By MJ Majuru
TransUnion says its latest Vehicle Pricing Index “should be music to the ears of consumers who’ve been itching to buy a new vehicle”.
The organisation adds: “However, consumers are still concerned if they’ll be able to meet their debt repayments, and as a result, are holding back on replacing their existing vehicles.”
The VPI report examines the link between the year-on-year increase in vehicle pricing for new and used vehicles, drawing data from a basket of passenger vehicles incorporated from the top 15 volume manufacturers.
Data is collected from across the industry and used to create the VPI.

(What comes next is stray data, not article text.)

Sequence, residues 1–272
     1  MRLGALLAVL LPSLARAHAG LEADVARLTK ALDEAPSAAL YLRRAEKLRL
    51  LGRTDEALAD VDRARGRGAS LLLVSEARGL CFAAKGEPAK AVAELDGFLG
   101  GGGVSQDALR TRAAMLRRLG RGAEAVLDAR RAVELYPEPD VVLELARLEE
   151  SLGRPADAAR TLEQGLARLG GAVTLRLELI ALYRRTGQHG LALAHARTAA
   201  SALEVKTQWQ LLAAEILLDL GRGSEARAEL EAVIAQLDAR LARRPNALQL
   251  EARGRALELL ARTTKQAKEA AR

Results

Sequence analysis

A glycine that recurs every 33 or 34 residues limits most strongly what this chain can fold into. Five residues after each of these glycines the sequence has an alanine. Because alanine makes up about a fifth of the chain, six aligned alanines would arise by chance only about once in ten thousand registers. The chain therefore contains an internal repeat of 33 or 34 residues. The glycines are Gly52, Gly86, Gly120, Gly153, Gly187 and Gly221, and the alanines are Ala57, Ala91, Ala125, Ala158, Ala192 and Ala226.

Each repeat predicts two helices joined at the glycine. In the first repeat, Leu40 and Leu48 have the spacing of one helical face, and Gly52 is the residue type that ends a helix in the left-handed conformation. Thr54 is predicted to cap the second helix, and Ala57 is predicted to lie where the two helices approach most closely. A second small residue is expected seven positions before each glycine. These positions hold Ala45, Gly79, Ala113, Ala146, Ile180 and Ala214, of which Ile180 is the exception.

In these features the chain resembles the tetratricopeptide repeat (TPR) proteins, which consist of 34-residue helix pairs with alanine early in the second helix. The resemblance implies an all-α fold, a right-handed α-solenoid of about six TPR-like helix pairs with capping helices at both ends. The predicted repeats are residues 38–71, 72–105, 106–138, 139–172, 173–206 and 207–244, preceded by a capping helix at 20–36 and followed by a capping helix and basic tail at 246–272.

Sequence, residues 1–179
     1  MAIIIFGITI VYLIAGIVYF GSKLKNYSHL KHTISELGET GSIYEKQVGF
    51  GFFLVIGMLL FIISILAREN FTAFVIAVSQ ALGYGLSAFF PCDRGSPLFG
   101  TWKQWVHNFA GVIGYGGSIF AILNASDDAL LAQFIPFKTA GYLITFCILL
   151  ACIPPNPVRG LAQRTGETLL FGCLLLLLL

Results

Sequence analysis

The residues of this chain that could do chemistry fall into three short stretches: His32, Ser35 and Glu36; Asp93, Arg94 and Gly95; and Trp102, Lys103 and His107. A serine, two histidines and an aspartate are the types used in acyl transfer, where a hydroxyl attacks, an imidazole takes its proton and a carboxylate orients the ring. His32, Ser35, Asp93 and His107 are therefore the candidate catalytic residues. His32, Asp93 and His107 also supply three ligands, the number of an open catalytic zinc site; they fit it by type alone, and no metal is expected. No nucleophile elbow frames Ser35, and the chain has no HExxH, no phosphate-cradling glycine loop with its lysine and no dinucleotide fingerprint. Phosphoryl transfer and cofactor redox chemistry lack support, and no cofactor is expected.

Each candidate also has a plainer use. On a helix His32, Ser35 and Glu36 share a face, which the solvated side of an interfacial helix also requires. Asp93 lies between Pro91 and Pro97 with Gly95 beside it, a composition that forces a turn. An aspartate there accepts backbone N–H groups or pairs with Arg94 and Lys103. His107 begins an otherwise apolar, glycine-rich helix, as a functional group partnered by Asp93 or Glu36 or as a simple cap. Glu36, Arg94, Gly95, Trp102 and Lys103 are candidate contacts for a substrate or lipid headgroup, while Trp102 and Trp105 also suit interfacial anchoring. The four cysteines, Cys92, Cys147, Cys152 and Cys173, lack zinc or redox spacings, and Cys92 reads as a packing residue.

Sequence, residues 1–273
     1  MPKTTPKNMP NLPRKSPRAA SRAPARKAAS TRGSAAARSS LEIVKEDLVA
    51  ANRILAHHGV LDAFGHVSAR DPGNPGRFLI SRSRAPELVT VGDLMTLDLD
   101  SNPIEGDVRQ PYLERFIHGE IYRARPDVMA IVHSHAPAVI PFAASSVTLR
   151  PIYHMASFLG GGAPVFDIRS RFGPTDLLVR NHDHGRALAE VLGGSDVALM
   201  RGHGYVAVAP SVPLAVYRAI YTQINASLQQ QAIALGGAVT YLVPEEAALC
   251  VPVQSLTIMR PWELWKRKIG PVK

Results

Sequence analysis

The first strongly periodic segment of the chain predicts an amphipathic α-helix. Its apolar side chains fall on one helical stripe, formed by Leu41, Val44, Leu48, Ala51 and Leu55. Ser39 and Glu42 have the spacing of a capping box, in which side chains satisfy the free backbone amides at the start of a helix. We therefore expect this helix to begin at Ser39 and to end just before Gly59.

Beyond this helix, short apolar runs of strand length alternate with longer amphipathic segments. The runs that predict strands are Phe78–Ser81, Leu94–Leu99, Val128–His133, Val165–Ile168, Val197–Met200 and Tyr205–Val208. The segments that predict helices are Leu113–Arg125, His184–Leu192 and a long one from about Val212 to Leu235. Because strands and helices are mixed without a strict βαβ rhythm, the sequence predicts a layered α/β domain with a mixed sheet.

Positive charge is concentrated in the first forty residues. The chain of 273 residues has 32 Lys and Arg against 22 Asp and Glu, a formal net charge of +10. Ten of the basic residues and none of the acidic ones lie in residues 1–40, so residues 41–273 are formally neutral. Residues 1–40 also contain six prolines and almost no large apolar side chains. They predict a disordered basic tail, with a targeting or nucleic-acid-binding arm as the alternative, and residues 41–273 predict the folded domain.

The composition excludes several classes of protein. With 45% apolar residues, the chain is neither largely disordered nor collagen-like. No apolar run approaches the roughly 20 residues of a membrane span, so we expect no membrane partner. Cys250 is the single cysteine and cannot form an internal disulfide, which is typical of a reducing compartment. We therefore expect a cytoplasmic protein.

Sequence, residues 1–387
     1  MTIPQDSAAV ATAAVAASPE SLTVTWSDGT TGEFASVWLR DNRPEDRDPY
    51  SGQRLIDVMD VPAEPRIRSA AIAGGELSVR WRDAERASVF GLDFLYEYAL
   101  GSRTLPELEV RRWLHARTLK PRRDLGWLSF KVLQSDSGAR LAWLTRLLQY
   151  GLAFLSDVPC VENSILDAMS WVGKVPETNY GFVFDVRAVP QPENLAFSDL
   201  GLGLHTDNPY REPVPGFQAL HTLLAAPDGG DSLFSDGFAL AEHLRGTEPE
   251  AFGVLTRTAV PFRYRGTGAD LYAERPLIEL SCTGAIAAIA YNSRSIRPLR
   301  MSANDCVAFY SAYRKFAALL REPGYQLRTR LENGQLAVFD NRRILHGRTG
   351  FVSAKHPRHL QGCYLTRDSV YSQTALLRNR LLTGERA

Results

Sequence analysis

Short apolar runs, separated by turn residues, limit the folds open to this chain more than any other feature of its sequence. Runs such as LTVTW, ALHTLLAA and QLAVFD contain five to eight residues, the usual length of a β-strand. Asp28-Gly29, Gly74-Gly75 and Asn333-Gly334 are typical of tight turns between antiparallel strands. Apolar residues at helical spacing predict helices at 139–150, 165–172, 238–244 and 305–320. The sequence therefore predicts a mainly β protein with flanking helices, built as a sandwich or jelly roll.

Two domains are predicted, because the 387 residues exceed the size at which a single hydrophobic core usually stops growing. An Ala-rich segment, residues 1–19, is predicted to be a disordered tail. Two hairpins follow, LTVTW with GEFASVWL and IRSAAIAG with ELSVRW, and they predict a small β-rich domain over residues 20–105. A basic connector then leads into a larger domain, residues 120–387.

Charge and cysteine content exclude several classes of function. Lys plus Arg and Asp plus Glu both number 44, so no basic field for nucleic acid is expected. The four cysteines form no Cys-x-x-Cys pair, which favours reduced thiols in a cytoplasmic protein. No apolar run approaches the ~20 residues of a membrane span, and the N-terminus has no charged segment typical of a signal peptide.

TransUnion’s Q2 2017 report shows that the VPI for new passenger vehicles has decreased from 8.4% in Q2 2016 to 5.4% in Q2 2017, while the VPI for used vehicles increased from 2.7% to 3.6% over the same period.
These results, says TransUnion, suggest that used vehicles aren’t necessarily “as affordable as they were a year ago, while buying new vehicles is becoming easier and more reasonably priced”.
Derick de Vries, CEO of Auto Information Solutions at TransUnion, said: “In part, the increasing affordability of new vehicles and the corresponding rise of prices in the used market can be explained by the cyclical nature of the industry.
“Availability of quality used vehicles fluctuates often, and with it, their prices. In times when used vehicles are in high demand and short supply – as we currently appear to be experiencing – the option of purchasing a new vehicle instead can often amount to a better deal for the buyer.”